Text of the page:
EM: Well, at this point, to people who are familiar with that/this kind of music I’d say that the music itself is the biggest factor in what makes is so inductive. There's lots of trees, and lots of space. And dark rainy winters where you just wanna stay home and record (if you're lucky) or cook with friends, or smoke pot, or whatever.
Can you tell me about your work with Adrian Orange? You played as his band for the last record he did for K, is that right? What was it like working with him? How did he influence your sound, and visa versa?
EM: We played as his backup band while he was working out a lot of the songs for that album Adrian Orange and Her Band. That was a great experience for us, firstly because it was our first tour and was crazy! It was 9 weeks long, and we didn't have any days off. We were basically living hand to mouth, and Adrian was in charge. It was fun, but quite emotional and hard to handle. I broke down a few times, I think we all did. It was musically important for us because we got more interested in African music and rhythms. The album was a lot of fun. We didn't play necessarily the same instruments that we played while we were on tour with him because he had his close friends in Portland and that kind of thing who he had always intended on playing on the album, but he made sure to include us, and he really wanted lots of people to be playing simultaneously. He's a great performer and did all the vocals live. The band was following him, and basically it's how bands should record. I love that album.
Tell us about the new record – has your sound changed at all? Do you know when it’ll be released?
EM: The new album Giving & Receiving is coming out in April. Like all of our albums, we recorded using a different process than we've used in the past. The first album was done to a 1/2inch 8 track tape machine. The second album (our tape) was recorded to a cassette 8track, the third album (which is still unreleased) was done in a fancy studio to pro tools. Its' a great album, but it ended up taking too long to finish, because of scheduling with the engineer/producer Tucker Martine. We went ahead and did the next album while were waiting to find time to mix the album with Tucker, and since then have had a hard time finding time to go back and release it.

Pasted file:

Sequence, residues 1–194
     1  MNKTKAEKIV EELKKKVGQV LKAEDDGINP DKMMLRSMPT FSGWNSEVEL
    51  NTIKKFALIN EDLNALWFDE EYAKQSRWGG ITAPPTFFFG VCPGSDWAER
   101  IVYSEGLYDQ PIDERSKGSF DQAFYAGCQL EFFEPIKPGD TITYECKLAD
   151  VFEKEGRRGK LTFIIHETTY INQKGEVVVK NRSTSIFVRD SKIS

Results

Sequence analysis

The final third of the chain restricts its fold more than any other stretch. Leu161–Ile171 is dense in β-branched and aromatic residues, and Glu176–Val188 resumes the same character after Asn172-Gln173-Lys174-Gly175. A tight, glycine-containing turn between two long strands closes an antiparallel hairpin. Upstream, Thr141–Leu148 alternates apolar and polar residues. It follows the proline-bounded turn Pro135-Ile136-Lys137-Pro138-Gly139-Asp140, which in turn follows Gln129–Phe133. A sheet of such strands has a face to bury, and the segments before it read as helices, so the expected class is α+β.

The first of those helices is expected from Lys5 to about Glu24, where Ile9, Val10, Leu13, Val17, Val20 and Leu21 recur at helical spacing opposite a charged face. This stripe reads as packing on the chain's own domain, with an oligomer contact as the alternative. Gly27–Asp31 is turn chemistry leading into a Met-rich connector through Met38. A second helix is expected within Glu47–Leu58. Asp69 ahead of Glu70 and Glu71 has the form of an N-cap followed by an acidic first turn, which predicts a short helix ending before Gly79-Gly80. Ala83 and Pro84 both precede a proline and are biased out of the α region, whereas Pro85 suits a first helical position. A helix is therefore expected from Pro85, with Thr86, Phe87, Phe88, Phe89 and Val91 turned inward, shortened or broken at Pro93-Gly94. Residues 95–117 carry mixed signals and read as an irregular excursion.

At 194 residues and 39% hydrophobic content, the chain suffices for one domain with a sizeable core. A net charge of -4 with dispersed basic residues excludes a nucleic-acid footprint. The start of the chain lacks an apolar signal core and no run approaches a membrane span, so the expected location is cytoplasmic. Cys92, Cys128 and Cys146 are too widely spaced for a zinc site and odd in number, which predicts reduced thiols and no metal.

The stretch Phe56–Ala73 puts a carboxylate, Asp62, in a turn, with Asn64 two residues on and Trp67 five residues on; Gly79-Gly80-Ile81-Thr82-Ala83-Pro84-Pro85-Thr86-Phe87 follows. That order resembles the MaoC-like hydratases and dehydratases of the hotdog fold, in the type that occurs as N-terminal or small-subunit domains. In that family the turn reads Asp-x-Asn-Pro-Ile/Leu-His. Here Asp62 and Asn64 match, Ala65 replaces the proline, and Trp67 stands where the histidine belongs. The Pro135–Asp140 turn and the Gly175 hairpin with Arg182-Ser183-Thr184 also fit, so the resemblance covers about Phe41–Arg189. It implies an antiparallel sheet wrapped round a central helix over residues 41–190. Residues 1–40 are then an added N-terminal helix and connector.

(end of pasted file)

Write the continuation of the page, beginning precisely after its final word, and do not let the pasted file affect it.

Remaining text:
What music is inspiring you at the moment?
EM: Lately I've been really enjoying the band Elevator to Hell (which is one of the main songwriters from the band Eric's Trip). I also find Stephen Steinbrink (also goes by French Quarter) to be just mind blowing! He's one of my favourite songwriters ever. I've been listening to the Everly Brothers a lot recently, and T Rex. Lot's of stuff, also on a Roger Miller kick, and a really neat children's album from Estonia that we found called Kodu en Puha. The French band Aquaserge is incredible. LIndsay Buckingham solo albums. A German band called Die Doraus und die Marinas, which is so good. And Captain Beefheart… luckily we've been listening to lots of music these days because we finally got a record player that works well. I have a new band called Baby Island that I'm really excited to record with. I listen to our practice tapes a lot.
Apart from the new album, what are your plans for the future of LAKE?
EM: Well, I’d like to do some songs on the next album (since the one you're referring to is already done and waiting to be released) that are written collaboratively as a band. We've been talking about that for years, but we always end up with too many songs that are already written and we're dying to bring to the band, so we don't get around to writing as a band. That should be fun. We did two short instrumentals on the new album that were written somewhat collaboratively, but I’d like to do it more. I’d like to do a bunch of music videos for the new album Giving & Receiving. We've already shot one with Adam Newport-Berra: He did the video for Karl's song 'Dark Sedan', which LAKE got to act in.
Hmm, I’d love to go to Japan since our last album, and the upcoming album are going to be released there. And if we can, I’d love to do more tours in Europe, but it's quite an expenditure to get all the members over there and rent a van. In the US we can tour and make money, but going to Europe always breaks us. I'm always excited to start a new album as soon as we finish one. I think that is a great sign.